Rachmaninoff 150 featuring Yuja Wang (Part 1): The Philadelphia Orchestra

Sergei Rachmaninoff is a quintessential romantic composer and performer whose relationship with the Philadelphia Orchestra was unique. After a dark period of his life, he wrote of them, “Today, when I think of composing, my thoughts turn to you the greatest orchestra in the world.”

While Philadelphia has maintained a high standard since then, I would put this year’s group of musicians up against any in the world and even any in the last two decades of my expansive listening with the possible competition of the Boston under John Williams or Aaron Copland. 

Tonight’s concert solidified this belief in my mind. For the 150th anniversary of Rachmaninoff, we were treated to one of his early concertos, a later concerto, and his most well known composition, “Rhapsody on a Theme of Paganini.”

Rachmaninoff’s composition style tends towards transition. More than most other composers, he moves through themes and ideas with the attention span of an eleven year-old boy in gym class. 

The textures and nuances of his concerto No. 2 in C minor exemplify this style. The first movement in this evening’s concerto bounds around the piano breaking to highlight and focus on individual instruments other than the pianist. After a beautiful crescendo closing the first movement, the second movement sweeps in with an emotive nocturne, which, lyrically, was a favorite of the evening. The third movement often comes across as loud and brassy, which is not my favorite, yet the Philadelphia Orchestra under Yannick Nézet-Séguin always seems to smooth out the edges of harsh pieces and refine the muddled parts to clarify, refine, and elevate the music to its highest level. 

You likely know his music. He is one of my favorites to play. His sweeping runs and a depth of feeling comes through his compositions that speaks of his struggles with depression and brings beautiful light to others out of the darkness. The second concerto of the evening is a masterpiece from a then-seventeen year old genius, though the original version was later reworked completely into the form we enjoy today. Rachmaninoff believed the original iteration to be intolerable after the popularity of his second concerto. The piece performed tonight reflected two halves, a young composer and a seasoned veteran. Yet the final product did not feel disjointed, but more like an idea and then explanation in musical form. It’s simple beauty constantly improved by variation and the recognizable Rachmaninoff complexity of his mature composing.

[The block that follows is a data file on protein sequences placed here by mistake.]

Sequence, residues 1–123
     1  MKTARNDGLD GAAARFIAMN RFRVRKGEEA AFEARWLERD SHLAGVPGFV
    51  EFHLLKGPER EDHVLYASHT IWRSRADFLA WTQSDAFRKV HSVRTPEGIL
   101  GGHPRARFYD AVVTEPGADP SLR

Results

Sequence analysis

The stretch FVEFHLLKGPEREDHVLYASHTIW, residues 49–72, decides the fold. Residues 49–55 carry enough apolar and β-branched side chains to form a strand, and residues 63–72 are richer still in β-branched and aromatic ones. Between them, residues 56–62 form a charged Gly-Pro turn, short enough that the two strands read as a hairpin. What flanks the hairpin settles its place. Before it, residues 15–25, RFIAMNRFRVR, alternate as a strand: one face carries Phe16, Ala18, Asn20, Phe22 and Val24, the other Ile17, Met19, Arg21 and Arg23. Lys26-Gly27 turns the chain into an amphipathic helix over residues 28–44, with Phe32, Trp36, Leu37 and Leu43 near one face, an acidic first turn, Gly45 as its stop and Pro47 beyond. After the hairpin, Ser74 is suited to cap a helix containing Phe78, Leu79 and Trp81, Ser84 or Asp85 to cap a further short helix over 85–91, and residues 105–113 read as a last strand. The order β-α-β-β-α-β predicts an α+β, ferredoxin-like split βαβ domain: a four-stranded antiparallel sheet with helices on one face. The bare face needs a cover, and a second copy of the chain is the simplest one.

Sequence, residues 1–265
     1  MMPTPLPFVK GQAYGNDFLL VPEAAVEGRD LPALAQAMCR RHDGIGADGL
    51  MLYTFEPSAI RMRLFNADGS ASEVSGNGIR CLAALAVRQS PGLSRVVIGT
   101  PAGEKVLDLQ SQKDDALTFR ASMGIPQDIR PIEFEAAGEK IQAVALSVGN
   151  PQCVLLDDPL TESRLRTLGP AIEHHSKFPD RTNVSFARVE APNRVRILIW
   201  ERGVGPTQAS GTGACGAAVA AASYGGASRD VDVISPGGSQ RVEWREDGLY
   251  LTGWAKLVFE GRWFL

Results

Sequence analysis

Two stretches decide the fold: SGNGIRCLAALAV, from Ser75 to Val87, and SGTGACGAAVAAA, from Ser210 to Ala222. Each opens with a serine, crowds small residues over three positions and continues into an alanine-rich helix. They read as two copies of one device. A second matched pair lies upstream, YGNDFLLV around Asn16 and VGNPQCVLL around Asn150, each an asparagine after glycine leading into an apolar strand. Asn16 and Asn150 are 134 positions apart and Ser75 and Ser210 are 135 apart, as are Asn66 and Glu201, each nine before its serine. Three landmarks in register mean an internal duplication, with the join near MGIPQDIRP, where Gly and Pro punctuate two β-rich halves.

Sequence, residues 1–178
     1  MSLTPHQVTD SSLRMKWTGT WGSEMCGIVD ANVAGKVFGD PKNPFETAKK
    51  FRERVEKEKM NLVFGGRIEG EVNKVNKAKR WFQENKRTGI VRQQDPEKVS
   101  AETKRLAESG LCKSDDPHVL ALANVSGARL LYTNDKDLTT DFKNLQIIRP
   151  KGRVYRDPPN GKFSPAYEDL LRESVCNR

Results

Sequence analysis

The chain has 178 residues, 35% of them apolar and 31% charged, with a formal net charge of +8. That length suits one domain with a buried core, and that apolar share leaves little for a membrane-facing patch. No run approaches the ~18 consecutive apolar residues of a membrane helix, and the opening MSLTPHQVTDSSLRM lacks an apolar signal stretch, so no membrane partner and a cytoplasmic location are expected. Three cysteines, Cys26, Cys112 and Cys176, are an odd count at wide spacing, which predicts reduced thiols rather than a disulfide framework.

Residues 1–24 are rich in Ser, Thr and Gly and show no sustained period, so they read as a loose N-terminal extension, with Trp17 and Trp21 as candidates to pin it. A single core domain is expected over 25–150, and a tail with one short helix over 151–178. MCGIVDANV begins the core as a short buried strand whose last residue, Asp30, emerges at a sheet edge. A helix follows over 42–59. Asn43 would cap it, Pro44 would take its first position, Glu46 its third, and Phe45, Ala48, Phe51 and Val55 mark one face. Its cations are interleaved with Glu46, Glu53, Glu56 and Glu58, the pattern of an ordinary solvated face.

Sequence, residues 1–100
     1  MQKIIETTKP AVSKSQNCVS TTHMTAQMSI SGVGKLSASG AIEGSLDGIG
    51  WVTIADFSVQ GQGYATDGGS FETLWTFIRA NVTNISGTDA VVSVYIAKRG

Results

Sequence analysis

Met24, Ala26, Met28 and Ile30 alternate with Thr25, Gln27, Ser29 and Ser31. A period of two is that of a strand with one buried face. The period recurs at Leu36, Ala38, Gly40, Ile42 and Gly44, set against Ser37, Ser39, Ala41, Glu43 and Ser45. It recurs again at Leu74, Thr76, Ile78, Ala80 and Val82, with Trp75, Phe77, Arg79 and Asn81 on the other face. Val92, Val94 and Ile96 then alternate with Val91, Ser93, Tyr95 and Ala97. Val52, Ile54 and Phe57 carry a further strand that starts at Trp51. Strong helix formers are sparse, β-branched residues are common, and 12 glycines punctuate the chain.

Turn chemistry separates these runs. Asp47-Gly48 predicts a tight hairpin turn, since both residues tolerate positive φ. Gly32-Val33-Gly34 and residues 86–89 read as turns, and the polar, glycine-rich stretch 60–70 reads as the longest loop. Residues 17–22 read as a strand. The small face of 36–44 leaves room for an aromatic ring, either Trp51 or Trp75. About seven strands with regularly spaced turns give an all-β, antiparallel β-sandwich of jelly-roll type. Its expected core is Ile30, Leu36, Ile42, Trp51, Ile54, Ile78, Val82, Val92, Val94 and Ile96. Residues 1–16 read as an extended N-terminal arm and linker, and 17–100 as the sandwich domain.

Yet he was not without great moments of humor. At his time, the world’s most accomplished violinist was Paganini, whose talent was such that it was rumored that he sold his soul to the devil for his skill. It did not help that his name in Italian translates to little pagan. A notorious womanizer, at his death, the Catholic Church refused to bury him by their rites. Rachmaninoff took his most difficult theme and wrapped it into a ballet composition, weaving in themes of doomed love (for Paganini’s relationships), the dies irae death theme of classical music (an ode to his predicted dark life after death), and breathtakingly stunning phases (which are way overused in commercials and movies, cheapening their value until heard in their native element played well). 

This is not a performance to be missed. This series is the hottest ticket in town. The hall sold out for the final performance of this Rachmaninoff concerto cycle which started a week ago with a first ever marathon concert of all four concertos and the Rhapsody played at Carnegie Hall over nearly four hours. (Each of the orchestra members, conductor, and Ms. Wang received a marathon-style medal in the shape of a grand piano after the performance.)

Yuja Wong played with emotionally raw intensity and precision. This evening she demonstrated how deserving she is of her long list of credentials and awards as she (and her fuchsia clubbing dress with black and red stilettos, then shimmering Ferrari red and matching heels) did battle with the orchestra for the audience’s attention. (Perhaps the after party is hopping a bit more than expected!) In the end, it was those in attendance that won. This evening’s performance easily ranks among my top ten of well over three hundred concert performances. The audience rose to feet at the intermission, the close of the performance, and the encore before the final notes resonated through the hall. You can experience this masterpiece by going to SiriusXM (Symphony Hall Channel 76) and listening to the recordings of all three of the Rachmaninoff 150th Anniversary performances by Philadelphia Orchestra over then next few weeks on Mondays at 7 p.m., Thursdays at 12 a.m. and again on Saturdays at 4 p.m. But realize that the difference in hearing these performances live, wrapped in the warm tones of the clear, woody vibrations of Verizon Hall are by far the best way to experience these emotional evenings. It is worth a cross-country trip. 

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